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‘So I kind of fell into it very naturally, meeting like-minded people and finding my way. I won a Junior Exhibitioner’s Scholarship on clarinet to study at the Royal Academy of Music when I was 11, and later I moved to the piano in the youth jazz group in Bedfordshire and it was here – and through a brief bit of advice from an older trumpet player – that I fully realised that making spontaneous music was what I wanted to pursue. So I headed off to Leeds College, playing alto, which was the only jazz degree course back then. I’ve always loved bringing people together, whether in my own groups or in teaching. Sometimes the freedom and trust you have with friends you’ve played with for years is the best. I’ve loved doing that ever since, and a lot of my work has depended on it.’
The formidable Iles orchestra winding up her tour at Ronnie Scott’s certainly bears that long-held conviction out. Lead alto saxophonist Andy Schofield is an old associate from her 1980s years on the northern jazz circuit after she graduated from Leeds in 1984; he is also a former Iles sidekick from Manchester’s legendary Creative Jazz Orchestra of the early ’90s, an innovative and ingenious workshop band, skilful and open-minded enough to collaborate fruitfully with star composers including Mike Gibbs, Vince Mendoza, Kenny Wheeler, and even the jazz/contemporary-classical explorer Anthony Braxton. Fellow reeds-players Julian Siegel, Tori Freestone, Karen Sharp and bassist Steve Watts likewise go back a long way with Iles, while trumpeter Nick Smart is her old friend and colleague and the jazz department’s director at the Royal Academy of Music.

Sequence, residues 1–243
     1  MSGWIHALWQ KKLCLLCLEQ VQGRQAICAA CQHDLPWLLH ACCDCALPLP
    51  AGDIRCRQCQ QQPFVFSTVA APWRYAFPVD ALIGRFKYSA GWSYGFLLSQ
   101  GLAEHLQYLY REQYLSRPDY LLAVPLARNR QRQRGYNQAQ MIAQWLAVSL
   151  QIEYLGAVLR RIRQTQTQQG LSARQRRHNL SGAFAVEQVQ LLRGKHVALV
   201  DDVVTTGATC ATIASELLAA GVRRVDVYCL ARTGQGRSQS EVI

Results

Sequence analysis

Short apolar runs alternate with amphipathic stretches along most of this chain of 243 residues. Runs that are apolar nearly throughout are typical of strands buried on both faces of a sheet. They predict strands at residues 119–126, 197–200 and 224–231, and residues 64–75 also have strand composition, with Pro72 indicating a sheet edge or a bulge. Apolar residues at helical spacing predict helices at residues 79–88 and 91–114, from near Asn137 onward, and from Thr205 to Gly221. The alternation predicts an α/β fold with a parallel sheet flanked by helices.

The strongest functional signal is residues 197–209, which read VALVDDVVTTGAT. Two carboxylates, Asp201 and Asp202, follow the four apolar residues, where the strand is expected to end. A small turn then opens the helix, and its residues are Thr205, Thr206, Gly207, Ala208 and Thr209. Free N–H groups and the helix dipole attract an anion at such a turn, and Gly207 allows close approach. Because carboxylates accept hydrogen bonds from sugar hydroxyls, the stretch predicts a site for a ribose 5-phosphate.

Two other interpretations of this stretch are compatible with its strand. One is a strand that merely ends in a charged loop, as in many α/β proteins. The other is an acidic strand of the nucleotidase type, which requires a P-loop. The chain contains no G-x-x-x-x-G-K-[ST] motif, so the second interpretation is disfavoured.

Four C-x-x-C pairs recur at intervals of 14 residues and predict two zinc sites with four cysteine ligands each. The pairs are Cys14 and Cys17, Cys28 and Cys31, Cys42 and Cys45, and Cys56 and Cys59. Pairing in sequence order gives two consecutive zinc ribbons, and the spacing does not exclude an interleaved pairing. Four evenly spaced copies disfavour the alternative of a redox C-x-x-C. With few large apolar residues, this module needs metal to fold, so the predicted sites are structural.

But if the expertise and mutual trust shared by these performers are familiar materials that Nikki Iles loves to assemble, prime and ignite, the music she brings to this programme also looks forward and back in her life. Old originals like ‘Hush’ (from a 2012 album of the same name with New York A-listers Rufus Reid on bass and Jeff Williams on drums) mix with newer material like the exquisite tone-poem ‘Wild Oak’, or the quirkily hustling and serpentine ‘Gray Is The Morning’, a tribute to the late British composer/arranger Steve Gray. Nikki Iles’ orchestral palette draws on the music of Kenny Wheeler, Mike Gibbs, Vince Mendoza, Carla Bley, and the Gil Evans-mentored Maria Schneider, but if those influences can be fitfully glimpsed, Iles’ music is always her own. It’s a high-end talent that a high-end music school might be assumed to have been the facilitator for – yet she’s completely self-taught in large-scale composition and arrangement, and seems to have picked up these arcane skills by osmosis. How did it happen?
‘I’d always wanted to write for larger groups, I think,’ Iles considers. ‘I loved classical music as a child, and as I’ve got older I’ve realised how I much I like the narrative of bigger forms. Strangely enough, I got into composing by simply using my instincts as an improviser – starting with a blank page with no bar lines, sketching and developing ideas, designing forms, disguising themes until they’re ready to emerge. Always trying to take the music somewhere else. This always felt like a very organic process for me. When I was at college, I took note of Carla Bley and Charlie Haden’s Liberation Music Orchestra and the Thad Jones/Mel Lewis band – and then later, it was life-changing for me to work with composers as different as Mike Gibbs, Kenny, Vince Mendoza, and with improvisers like Mike Walker on guitar.’